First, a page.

Rooted Cosmopolitans: Jews and Human Rights in the Twentieth Century | Jew
Samuels demonstrates that Jewish difference has always been essential to the elaboration of French universalism, whether as its foil or as proof of its reach. He traces the development of this discourse through key moments in French history, from debates over granting Jews civil rights during the Revolution, through the Dreyfus Affair and Vichy, and up to the rise of a “new antisemitism” in recent years. By recovering the forgotten history of a more open, pluralistic form of French universalism, Samuels points toward new ways of moving beyond current ethnic and religious dilemmas and argues for a more inclusive view of what constitutes political discourse in France.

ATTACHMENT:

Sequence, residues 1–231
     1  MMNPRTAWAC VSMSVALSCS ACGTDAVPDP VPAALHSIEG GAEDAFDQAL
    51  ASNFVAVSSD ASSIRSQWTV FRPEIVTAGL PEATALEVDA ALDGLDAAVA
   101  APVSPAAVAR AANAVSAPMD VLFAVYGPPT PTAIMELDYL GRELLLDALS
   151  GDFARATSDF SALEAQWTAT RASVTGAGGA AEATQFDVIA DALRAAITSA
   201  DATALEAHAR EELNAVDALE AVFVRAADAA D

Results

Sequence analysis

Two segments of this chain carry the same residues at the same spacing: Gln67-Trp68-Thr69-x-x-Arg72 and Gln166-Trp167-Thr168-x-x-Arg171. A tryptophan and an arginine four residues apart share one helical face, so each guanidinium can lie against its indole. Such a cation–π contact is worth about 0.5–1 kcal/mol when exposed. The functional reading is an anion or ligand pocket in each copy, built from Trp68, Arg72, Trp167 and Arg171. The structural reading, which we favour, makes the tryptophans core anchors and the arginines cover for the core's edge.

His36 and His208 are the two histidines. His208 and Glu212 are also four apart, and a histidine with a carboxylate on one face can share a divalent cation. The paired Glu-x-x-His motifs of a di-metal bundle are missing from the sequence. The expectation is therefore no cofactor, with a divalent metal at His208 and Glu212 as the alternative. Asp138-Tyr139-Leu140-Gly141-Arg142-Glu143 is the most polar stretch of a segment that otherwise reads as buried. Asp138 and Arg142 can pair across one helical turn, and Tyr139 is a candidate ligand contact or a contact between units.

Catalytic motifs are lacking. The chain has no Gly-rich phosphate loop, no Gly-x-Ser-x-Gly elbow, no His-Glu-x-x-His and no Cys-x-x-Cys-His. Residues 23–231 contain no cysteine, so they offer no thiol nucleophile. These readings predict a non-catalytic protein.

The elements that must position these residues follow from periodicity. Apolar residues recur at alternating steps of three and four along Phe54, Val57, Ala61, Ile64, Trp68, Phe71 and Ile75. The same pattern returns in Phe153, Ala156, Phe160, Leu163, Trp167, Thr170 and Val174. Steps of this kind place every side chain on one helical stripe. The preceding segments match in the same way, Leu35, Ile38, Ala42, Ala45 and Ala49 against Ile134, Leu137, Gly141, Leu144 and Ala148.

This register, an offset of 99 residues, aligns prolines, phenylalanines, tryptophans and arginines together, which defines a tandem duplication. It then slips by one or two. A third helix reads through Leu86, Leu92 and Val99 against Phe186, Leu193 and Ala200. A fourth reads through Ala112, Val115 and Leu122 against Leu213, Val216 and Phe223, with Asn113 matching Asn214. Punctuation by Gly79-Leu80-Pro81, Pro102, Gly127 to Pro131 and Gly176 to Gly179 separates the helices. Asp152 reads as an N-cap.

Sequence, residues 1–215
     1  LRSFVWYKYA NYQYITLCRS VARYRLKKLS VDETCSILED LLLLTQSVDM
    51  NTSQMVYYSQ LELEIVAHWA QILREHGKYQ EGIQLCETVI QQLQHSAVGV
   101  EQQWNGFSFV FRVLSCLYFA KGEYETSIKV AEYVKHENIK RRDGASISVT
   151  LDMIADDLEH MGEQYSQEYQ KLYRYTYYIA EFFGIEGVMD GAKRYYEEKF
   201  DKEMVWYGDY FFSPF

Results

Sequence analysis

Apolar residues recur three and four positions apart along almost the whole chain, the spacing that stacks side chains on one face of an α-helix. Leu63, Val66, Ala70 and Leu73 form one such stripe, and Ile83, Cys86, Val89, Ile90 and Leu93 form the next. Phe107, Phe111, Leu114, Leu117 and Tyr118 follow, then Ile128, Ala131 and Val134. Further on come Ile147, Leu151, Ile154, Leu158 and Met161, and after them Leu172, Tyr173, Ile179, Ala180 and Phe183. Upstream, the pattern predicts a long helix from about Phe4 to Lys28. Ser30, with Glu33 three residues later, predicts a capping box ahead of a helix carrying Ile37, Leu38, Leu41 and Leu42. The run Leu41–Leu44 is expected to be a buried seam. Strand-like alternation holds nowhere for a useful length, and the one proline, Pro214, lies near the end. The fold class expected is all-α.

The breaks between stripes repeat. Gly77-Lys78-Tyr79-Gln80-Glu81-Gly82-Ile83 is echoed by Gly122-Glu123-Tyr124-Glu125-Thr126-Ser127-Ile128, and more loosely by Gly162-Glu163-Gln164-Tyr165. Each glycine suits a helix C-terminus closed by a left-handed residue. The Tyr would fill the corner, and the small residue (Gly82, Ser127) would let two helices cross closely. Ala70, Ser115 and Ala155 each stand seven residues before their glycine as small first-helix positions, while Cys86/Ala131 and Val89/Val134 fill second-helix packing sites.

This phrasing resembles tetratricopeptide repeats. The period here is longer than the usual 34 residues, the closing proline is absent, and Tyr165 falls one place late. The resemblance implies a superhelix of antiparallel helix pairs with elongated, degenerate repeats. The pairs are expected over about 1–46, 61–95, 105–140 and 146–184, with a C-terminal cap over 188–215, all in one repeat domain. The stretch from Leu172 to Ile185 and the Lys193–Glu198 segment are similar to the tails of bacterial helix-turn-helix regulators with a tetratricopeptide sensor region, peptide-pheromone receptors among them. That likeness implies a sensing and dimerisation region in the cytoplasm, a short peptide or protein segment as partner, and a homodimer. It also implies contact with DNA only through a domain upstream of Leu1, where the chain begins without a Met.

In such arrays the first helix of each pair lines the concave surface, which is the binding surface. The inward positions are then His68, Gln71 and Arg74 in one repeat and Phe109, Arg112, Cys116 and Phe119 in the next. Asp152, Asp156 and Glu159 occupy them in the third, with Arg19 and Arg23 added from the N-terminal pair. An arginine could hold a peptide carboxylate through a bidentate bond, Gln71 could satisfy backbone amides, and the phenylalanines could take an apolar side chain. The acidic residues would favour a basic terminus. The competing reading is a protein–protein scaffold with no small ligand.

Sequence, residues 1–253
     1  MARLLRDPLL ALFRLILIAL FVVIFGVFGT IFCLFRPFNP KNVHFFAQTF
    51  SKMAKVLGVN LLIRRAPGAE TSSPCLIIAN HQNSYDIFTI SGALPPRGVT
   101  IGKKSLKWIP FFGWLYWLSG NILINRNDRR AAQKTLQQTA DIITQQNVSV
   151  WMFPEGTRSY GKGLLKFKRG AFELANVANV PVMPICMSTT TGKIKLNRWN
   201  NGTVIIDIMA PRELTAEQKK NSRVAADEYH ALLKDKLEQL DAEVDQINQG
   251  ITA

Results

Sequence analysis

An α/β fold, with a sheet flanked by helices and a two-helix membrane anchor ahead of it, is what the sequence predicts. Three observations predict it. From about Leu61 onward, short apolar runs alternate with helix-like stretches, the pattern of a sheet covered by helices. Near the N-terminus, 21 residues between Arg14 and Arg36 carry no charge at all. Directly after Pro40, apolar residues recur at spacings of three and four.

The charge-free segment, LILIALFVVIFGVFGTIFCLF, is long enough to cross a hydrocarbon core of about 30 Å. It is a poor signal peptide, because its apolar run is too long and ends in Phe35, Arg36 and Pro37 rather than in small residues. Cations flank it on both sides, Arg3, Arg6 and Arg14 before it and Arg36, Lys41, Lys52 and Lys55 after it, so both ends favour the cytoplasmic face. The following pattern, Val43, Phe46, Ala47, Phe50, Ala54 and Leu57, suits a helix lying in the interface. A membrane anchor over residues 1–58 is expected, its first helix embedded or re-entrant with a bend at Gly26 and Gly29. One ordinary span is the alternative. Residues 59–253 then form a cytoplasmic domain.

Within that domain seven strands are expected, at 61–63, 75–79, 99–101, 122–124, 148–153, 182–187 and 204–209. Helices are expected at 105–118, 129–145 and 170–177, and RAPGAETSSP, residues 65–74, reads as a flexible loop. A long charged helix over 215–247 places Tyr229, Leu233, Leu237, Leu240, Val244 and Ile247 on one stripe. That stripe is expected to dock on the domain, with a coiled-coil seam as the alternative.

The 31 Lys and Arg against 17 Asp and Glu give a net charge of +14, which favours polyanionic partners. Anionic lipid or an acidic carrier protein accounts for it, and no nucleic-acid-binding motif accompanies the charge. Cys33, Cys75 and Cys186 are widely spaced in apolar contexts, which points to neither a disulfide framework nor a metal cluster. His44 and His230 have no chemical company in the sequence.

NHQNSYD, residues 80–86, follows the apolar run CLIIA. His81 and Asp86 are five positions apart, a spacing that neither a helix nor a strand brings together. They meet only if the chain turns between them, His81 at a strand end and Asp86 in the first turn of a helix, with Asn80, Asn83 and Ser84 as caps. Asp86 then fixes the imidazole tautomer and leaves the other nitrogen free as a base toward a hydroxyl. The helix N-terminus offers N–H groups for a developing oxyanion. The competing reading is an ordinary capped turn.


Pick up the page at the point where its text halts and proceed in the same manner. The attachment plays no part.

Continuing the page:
About: Universal equality is a treasured political concept in France, but recent anxiety over the country’s Muslim minority has led to an emphasis on a new form of universalism, one promoting loyalty to the nation at the expense of all ethnic and religious affiliations.
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